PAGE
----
Georgia jobless rate slips to 9.9 percent, although state’s work force is down

Georgia’s unemployment rate dipped slightly in July, even with the number of jobs in the state falling, the Georgia Department of Labor reported today.

The state’s 9.9 percent jobless rate last month compares to a 10 percent rate in June. And it also marks the 34th straight month that Georgia’s rate has topped the U.S. figure, which is now at 9.5 percent.

Georgia Labor Commissioner Michael Thurmond lamented the situation, which he said appears to be worsening.

“Although the unemployment rate remained virtually unchanged,” he said in a statement, “a growing number of discouraged workers dropped out of the work force. For the second consecutive month, the number of jobs in our state declined, new layoffs increased, and long-term unemployment continued to rise.”

The tiny decrease in the unemployment rate was due to the state’s labor force dwindling by about 21,000 jobs in July, the labor department said. That occurred primarily because those without jobs long-term — 27 weeks or longer — have become discouraged and exited the job market altogether. About 230,000 Georgians are now in that category, it said.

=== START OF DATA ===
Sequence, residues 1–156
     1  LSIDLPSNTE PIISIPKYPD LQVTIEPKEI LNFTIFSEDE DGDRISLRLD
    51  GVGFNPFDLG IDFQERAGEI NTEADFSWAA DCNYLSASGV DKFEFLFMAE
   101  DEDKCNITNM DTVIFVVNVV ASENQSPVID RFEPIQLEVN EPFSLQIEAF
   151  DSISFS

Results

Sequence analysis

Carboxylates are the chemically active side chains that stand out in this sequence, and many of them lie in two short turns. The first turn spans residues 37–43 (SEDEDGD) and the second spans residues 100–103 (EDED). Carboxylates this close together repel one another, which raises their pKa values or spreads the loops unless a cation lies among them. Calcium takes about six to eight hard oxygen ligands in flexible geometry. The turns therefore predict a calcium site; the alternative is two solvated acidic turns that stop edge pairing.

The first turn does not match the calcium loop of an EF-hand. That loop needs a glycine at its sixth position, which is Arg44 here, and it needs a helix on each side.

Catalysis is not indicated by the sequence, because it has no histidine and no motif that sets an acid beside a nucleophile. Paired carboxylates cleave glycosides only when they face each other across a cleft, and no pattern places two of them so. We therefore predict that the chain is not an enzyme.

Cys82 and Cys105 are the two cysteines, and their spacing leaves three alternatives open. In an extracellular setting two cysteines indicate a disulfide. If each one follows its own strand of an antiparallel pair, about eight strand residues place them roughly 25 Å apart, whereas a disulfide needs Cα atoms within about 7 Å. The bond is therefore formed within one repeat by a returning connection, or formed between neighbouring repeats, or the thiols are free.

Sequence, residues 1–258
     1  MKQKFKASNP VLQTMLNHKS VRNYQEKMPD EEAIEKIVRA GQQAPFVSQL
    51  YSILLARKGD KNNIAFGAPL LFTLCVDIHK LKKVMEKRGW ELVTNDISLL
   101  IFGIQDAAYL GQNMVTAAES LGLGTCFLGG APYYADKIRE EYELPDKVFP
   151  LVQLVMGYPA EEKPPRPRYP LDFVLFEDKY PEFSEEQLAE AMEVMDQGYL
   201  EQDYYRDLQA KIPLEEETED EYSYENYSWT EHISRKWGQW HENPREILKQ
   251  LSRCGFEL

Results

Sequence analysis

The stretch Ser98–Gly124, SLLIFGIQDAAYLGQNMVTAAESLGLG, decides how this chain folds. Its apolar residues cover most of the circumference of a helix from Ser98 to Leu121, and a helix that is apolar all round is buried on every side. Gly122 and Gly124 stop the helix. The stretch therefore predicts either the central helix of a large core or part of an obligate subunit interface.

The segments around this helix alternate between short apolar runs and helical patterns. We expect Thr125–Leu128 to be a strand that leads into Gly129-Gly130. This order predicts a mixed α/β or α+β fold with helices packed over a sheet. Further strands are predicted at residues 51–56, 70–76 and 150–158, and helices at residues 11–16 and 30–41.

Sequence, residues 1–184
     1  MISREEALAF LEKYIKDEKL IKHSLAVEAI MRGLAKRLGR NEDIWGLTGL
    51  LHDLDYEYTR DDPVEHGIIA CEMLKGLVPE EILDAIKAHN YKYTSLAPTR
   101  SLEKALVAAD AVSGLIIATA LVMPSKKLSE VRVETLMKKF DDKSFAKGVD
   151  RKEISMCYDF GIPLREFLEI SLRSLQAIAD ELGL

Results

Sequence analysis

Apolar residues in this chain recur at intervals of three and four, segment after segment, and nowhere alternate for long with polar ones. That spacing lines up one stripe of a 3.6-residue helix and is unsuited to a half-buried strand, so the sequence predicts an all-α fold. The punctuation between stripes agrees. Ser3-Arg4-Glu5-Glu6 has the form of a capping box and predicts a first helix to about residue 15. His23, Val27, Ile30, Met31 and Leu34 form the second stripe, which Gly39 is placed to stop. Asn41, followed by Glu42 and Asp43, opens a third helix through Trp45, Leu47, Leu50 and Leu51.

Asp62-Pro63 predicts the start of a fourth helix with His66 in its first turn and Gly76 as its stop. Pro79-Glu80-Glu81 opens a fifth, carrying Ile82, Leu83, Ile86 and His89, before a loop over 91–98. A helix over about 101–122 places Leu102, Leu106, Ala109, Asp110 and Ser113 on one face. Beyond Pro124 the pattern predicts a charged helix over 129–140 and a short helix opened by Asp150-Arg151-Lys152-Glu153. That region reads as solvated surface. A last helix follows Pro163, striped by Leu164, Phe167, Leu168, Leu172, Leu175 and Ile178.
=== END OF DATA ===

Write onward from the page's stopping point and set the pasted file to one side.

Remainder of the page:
There is good news with unemployment claims, however. While 68,000 laid-off staffers filed for benefits for the first time in July — a 5 percent jump from June — there were 27.6 percent fewer claims from July of 2009, when nearly 94,000 initial claims were filed.

Columbus, meanwhile, is awaiting its July unemployment numbers, which should be released next week. The metro area’s jobless rate in June was 9.7 percent, a leap from 9.2 percent the month prior.

There were some nuggets of data for the city in Thursday’s labor report. First-time unemployment claim filings dropped 33.5 percent to 1,193 from July 2009, the biggest percentage improvement of all metro areas in the state.

On the flip side, the Columbus work force dropped by 400 jobs over the last year to 116,100, which is a decline of 0.3 percent. Gainesville, Brunswick, Dalton, Atlanta and Valdosta also experienced dips in their work force totals, while Athens, Savannah, Albany, Warner Robins, Rome and Augusta saw increases. Hinesville and Macon were flat.